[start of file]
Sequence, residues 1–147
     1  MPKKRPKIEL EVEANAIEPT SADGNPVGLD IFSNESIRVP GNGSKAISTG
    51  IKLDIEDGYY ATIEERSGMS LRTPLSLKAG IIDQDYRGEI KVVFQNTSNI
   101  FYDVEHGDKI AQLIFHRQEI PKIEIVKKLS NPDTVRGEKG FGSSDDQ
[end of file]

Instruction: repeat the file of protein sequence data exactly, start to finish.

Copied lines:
Sequence, residues 1–147
     1  MPKKRPKIEL EVEANAIEPT SADGNPVGLD IFSNESIRVP GNGSKAISTG
    51  IKLDIEDGYY ATIEERSGMS LRTPLSLKAG IIDQDYRGEI KVVFQNTSNI
   101  FYDVEHGDKI AQLIFHRQEI PKIEIVKKLS NPDTVRGEKG FGSSDDQ